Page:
Deletion of yqhD from LY180 increased tolerance to 2.5 g 5-HMF l−1 (Fig. 2c). Deletions in which markers remained in the chromosome were less effective but confirmed that the inactivation of yqhD was beneficial for 5-HMF tolerance in all cases.

Increasing the availability of NADPH increases 5-HMF tolerance

The proton-translocating transhydrogenase pntAB (Keseler et al. 2009) was over-expressed in LY180 (Fig. 3) to increase the availability of NADPH. In the absence of inhibitor (Fig. 3a), both LY180 with the vector (control) and LY180 (pTrc99a pntAB) grew at the same rate. Induction of LY180 (pTrc99a-pntA) with IPTG (0.01 mM) was detrimental in the absence of 5-HMF. Uninduced LY180 (pTcr99a pntAB), however, grew more rapidly than the vector control (Fig. 3b, c) in the presence of 5-HMF (0.9 and 1.8 g l−1). A similar benefit of pntAB was observed previously with furfural (Miller et al. 2009a). Thus the inhibition of growth by both furans appears to result from furan reduction, depleting the pool of NADPH required for biosynthesis. In addition, over-expression of pntAB led to an increase in overall growth after 72 h, even in the absence of furfural, indicating that biosynthesis may be limited by NADPH under these conditions.

Fig. 3
Effect of pntAB expression from plasmids on 5-HMF tolerance. Experiments were conducted using the Bioscreen C growth curve analyzer with AM1 medium containing 50 g xylose l−1 and 5-HMF as indicated. All data are plotted as a mean ...

Sulfur assimilation and cysteine biosynthesis have a particularly high requirement for NADPH. Supplementing with cysteine was previously shown to increase furfural tolerance in E. coli LY180 (Miller et al. 2009a) but was of less benefit for 5-HMF tolerance (Fig. 4). Growth of LY180 was partially inhibited by 1 g 5-HMF l−1 and completely restored by supplementing with 100 μM cysteine. Growth in the presence of 2.5 g 5-HMF l−1 was not restored by 100 or 1,000 μM cysteine (Fig. 4b). Unlike furfural, cysteine supplements did not increase the MIC for 5-HMF.

Fig. 4
Effect of l-cysteine on 5-HMF tolerance of LY180. Experiments were performed in tube cultures with AM1 medium containing 50 g xylose l−1 and 5-HMF (24 h incubation). Cultures were supplemented with filter-sterilized l-cysteine ...


Selection of an E. coli mutant (EMFR9) for resistance to growth inhibition by furfural (Miller et al. 2009b) was accompanied by resistance to 5-HMF. Both of these furans are important toxins in acid hydrolysates of hemicellulose (Almeida et al. 2009; Gorsich et al. 2006; Zaldivar et al. 1999). At low concentration, both furans were less toxic to cellular functions in E. coli than the consequences of their metabolism. During catabolism, low Km NADPH-dependent oxidoreductases (YqhD and DkgA) compete with biosynthesis for this key cofactor and inhibit growth (Fig. 5). Genes encoding these enzymes (yqhD and dkgA) were silenced in the furan-resistant mutant. Sensitivity was restored by plasmids encoding the production of either enzyme. Resistance was acquired in the parent by deletion of yqhD.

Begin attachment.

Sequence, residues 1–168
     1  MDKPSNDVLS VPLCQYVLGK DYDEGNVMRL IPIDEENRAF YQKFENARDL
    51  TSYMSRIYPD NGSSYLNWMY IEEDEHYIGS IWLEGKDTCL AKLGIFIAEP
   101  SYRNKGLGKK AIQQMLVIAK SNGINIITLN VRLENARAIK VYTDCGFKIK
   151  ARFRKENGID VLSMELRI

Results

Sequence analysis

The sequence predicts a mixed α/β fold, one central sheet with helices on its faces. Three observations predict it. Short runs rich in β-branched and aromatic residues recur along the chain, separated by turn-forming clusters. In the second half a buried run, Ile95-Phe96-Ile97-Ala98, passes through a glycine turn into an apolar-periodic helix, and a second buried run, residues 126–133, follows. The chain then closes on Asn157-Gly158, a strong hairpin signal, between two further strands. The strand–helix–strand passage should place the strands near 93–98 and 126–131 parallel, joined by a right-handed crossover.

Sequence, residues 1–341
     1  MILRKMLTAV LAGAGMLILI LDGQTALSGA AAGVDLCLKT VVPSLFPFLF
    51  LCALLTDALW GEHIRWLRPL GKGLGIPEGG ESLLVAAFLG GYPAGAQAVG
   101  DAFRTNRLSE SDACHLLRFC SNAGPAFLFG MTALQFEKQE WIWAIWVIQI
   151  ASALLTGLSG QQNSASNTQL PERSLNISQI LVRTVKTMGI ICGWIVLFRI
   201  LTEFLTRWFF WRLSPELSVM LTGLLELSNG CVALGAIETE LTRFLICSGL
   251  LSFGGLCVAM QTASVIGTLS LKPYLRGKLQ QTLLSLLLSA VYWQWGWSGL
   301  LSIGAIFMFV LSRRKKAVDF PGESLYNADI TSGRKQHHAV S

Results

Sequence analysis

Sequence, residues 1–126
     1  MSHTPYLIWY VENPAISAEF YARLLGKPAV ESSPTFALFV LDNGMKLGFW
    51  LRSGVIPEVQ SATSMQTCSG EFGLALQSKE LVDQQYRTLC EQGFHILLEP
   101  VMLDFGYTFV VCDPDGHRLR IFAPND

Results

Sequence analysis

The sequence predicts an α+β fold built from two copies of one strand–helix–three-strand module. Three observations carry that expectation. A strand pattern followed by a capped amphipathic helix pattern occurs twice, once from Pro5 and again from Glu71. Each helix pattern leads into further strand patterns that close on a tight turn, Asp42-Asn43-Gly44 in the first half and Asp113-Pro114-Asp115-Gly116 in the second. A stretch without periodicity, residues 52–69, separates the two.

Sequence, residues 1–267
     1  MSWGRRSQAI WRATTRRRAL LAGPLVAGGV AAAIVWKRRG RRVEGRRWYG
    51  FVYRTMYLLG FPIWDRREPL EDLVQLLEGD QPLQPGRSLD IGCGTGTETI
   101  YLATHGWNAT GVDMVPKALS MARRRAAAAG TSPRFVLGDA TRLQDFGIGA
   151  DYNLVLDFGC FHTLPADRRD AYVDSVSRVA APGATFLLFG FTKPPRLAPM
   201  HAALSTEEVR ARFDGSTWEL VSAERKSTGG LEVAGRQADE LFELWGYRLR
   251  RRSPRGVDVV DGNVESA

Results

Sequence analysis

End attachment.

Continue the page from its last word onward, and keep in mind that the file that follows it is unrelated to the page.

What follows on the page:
Fig. 5
Proposed mechanism for growth inhibition by furans during ethanol fermentation. Xylose or other sugar is initially catabolized to CO2, acetaldehyde, and low levels of other intermediates. Energy is conserved in the form of ATP. NADH serves as the dominant ...

Cells are quite limited in their ability to produce NADPH during fermentative growth on xylose. The most likely source of NADPH under these conditions would be the transhydrogenases (sthA and pntAB). Plasmid expression of pntAB was found to increase resistance to both furfural (Miller et al. 2009a, b) and 5-HMF. A small amount of NADPH would be produced by isocitrate dehydrogenase (icd) during 2-ketoglutarate biosynthesis. Additional NADPH could be produced during gluconeogenesis using malic enzyme (maeB) and by the pentose phosphate pathway (glucose dehydrogenase, gnd; glucose 6-phosphate dehydrogenase, zwf).

The effects of 5-HMF and furfural may not be identical, however. Growth inhibition by these compounds differed in the presence of supplemental cysteine. Sulfur assimilation and cysteine have a high requirement for NADPH. Addition of low levels of cysteine increased the MIC of furfural, presumably by sparing NADPH for other biosynthetic functions (Miller et al. 2009a). Unlike furfural, cysteine addition provided a very limited benefit for 5-HMF tolerance. Thus it is likely that both 5-HMF and furfural have additional inhibitory actions that are not shared.


The authors gratefully acknowledge research support by grants from the U.S. Department of Energy (DE-FG36-08GO88142, DE-FC36-GO17058). This work was facilitated by the EcoCyc database (Keseler et al. 2009).

Open Access This article is distributed under the terms of the Creative Commons Attribution Noncommercial License which permits any noncommercial use, distribution, and reproduction in any medium, provided the original author(s) and source are credited.